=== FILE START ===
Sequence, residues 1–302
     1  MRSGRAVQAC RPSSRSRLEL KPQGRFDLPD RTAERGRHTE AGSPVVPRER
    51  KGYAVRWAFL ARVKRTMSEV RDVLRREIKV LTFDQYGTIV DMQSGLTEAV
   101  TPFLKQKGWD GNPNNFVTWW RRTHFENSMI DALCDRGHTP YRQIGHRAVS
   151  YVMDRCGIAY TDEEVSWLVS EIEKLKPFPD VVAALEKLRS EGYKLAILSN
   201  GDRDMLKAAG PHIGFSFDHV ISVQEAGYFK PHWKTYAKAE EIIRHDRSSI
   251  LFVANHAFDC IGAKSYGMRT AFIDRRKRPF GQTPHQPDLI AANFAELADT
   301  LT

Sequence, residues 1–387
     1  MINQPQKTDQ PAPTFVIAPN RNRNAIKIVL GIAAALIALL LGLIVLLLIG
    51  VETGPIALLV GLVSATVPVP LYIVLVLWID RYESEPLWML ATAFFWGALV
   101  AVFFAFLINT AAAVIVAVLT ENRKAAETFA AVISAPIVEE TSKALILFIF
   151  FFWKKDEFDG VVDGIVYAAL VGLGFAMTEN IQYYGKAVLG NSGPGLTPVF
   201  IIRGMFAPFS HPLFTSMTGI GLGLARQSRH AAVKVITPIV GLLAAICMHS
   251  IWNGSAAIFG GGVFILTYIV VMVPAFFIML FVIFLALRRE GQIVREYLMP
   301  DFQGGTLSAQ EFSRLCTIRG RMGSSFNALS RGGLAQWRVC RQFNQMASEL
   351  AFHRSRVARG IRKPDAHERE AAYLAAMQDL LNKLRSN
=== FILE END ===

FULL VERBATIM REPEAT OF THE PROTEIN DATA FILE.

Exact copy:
Sequence, residues 1–302
     1  MRSGRAVQAC RPSSRSRLEL KPQGRFDLPD RTAERGRHTE AGSPVVPRER
    51  KGYAVRWAFL ARVKRTMSEV RDVLRREIKV LTFDQYGTIV DMQSGLTEAV
   101  TPFLKQKGWD GNPNNFVTWW RRTHFENSMI DALCDRGHTP YRQIGHRAVS
   151  YVMDRCGIAY TDEEVSWLVS EIEKLKPFPD VVAALEKLRS EGYKLAILSN
   201  GDRDMLKAAG PHIGFSFDHV ISVQEAGYFK PHWKTYAKAE EIIRHDRSSI
   251  LFVANHAFDC IGAKSYGMRT AFIDRRKRPF GQTPHQPDLI AANFAELADT
   301  LT

Sequence, residues 1–387
     1  MINQPQKTDQ PAPTFVIAPN RNRNAIKIVL GIAAALIALL LGLIVLLLIG
    51  VETGPIALLV GLVSATVPVP LYIVLVLWID RYESEPLWML ATAFFWGALV
   101  AVFFAFLINT AAAVIVAVLT ENRKAAETFA AVISAPIVEE TSKALILFIF
   151  FFWKKDEFDG VVDGIVYAAL VGLGFAMTEN IQYYGKAVLG NSGPGLTPVF
   201  IIRGMFAPFS HPLFTSMTGI GLGLARQSRH AAVKVITPIV GLLAAICMHS
   251  IWNGSAAIFG GGVFILTYIV VMVPAFFIML FVIFLALRRE GQIVREYLMP
   301  DFQGGTLSAQ EFSRLCTIRG RMGSSFNALS RGGLAQWRVC RQFNQMASEL
   351  AFHRSRVARG IRKPDAHERE AAYLAAMQDL LNKLRSN